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jerryking : guessing   3

How to make good guesses
| FT | Tim Harford

“base rate”,

Base rates are not just a forecasting aid. They’re vital in clearly understanding and communicating all manner of risks. We routinely hear claims of the form that eating two rashers of bacon a day raises the risk of bowel cancer by 18 per cent. But without a base rate (how common is bowel cancer?) this information is not very useful. As it happens, in the UK, bowel cancer affects six out of 100 people; a bacon-rich diet would cause one additional case of bowel cancer per 100 people.

Thinking about base rates is particularly important when we’re considering screening programmes or other diagnostic tests, including DNA tests for criminal cases.
base_rates  communicating_risks  economics  forecasting  guessing  howto  predictions  probabilities  Tim_Harford  ratios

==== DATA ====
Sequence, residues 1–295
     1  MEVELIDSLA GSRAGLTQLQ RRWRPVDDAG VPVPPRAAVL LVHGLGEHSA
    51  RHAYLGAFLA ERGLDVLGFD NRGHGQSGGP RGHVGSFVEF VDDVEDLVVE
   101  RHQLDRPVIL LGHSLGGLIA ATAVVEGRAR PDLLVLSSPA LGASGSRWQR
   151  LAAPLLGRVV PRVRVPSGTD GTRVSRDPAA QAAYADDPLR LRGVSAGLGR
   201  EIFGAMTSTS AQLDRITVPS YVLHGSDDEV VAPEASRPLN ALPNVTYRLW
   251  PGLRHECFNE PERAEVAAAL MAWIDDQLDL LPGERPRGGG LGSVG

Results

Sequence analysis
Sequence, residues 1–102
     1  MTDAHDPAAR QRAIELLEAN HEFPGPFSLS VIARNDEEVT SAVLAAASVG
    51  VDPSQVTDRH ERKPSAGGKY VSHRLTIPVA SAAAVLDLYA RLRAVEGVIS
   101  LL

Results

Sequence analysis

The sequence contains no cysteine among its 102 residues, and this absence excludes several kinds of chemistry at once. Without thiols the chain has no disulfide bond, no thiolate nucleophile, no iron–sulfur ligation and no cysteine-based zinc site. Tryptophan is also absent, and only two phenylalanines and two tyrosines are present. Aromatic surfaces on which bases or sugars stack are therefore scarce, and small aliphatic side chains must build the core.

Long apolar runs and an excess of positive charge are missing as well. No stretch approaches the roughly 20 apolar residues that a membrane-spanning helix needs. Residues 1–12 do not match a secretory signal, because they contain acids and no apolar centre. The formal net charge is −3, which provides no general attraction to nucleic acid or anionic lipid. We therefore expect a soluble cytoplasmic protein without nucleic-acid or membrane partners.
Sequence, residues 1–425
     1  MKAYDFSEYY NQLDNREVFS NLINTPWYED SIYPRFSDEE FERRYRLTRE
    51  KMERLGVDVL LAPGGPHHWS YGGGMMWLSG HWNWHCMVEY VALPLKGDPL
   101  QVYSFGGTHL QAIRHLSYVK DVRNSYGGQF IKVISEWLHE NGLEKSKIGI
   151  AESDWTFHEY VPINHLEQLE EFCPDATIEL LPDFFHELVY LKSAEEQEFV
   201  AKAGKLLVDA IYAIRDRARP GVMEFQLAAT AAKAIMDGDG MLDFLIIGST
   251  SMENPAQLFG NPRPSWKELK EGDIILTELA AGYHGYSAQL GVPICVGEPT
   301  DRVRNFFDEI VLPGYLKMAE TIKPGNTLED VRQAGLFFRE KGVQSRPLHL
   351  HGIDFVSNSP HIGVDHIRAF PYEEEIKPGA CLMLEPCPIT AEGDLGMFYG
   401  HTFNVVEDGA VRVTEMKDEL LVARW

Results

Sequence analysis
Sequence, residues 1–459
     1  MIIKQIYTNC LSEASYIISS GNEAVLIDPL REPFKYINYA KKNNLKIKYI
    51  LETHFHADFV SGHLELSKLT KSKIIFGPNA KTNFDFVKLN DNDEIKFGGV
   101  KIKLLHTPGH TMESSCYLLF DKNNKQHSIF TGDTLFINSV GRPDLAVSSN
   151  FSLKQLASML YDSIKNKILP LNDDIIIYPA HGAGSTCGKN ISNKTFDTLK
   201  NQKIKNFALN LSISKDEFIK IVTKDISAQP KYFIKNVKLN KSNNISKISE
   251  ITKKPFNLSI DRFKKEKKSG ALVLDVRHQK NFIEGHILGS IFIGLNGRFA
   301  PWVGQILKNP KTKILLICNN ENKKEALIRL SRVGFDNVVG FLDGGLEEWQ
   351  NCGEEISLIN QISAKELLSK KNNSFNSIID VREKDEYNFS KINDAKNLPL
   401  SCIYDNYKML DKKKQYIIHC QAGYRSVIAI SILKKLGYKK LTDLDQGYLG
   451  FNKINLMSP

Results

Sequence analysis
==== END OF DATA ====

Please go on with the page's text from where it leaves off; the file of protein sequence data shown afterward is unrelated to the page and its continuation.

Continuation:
april 2016 by jerryking
reportonbusiness.com: Best to deliver bad news facts
February 18, 2009 G&M column by SUSAN PINKER. When it
comes to bad news, we first protect ourselves, and then we protect
others through "Denial". When there's really bad news, there's reliable
evidence that it really is best to face the facts. First, you have to
know what the bad news is, what the outcomes are, what the percentages
are," Dr. Feldman says. "Then you have to give people options. You have
to give them some power - ideas about how they're going to manage
because you don't just leave them hanging there. You have to hold out
some hope."
anomalies  base_rates  Communicating_&_Connecting  crisis  difficult_conversations  forecasting  generating_strategic_options  guessing  managing_people  predictions  probabilities  ratios  Susan_Pinker  face_the_facts  bad_news 
february 2009 by jerryking

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